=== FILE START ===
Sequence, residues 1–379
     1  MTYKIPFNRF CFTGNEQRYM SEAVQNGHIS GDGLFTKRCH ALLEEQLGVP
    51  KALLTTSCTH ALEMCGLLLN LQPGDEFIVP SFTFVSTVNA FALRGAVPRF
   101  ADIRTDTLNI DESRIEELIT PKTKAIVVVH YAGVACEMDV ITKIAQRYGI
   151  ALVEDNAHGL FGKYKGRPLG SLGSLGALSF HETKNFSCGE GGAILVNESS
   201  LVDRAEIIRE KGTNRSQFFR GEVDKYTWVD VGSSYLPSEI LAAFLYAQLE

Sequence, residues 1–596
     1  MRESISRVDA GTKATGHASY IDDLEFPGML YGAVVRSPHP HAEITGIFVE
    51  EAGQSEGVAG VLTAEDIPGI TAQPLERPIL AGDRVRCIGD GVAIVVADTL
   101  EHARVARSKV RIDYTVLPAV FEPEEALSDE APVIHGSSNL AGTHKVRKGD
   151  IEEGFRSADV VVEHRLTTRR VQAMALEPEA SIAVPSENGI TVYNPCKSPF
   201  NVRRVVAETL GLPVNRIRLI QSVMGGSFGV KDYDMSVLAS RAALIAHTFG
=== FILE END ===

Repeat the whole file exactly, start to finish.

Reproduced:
Sequence, residues 1–379
     1  MTYKIPFNRF CFTGNEQRYM SEAVQNGHIS GDGLFTKRCH ALLEEQLGVP
    51  KALLTTSCTH ALEMCGLLLN LQPGDEFIVP SFTFVSTVNA FALRGAVPRF
   101  ADIRTDTLNI DESRIEELIT PKTKAIVVVH YAGVACEMDV ITKIAQRYGI
   151  ALVEDNAHGL FGKYKGRPLG SLGSLGALSF HETKNFSCGE GGAILVNESS
   201  LVDRAEIIRE KGTNRSQFFR GEVDKYTWVD VGSSYLPSEI LAAFLYAQLE

Sequence, residues 1–596
     1  MRESISRVDA GTKATGHASY IDDLEFPGML YGAVVRSPHP HAEITGIFVE
    51  EAGQSEGVAG VLTAEDIPGI TAQPLERPIL AGDRVRCIGD GVAIVVADTL
   101  EHARVARSKV RIDYTVLPAV FEPEEALSDE APVIHGSSNL AGTHKVRKGD
   151  IEEGFRSADV VVEHRLTTRR VQAMALEPEA SIAVPSENGI TVYNPCKSPF
   201  NVRRVVAETL GLPVNRIRLI QSVMGGSFGV KDYDMSVLAS RAALIAHTFG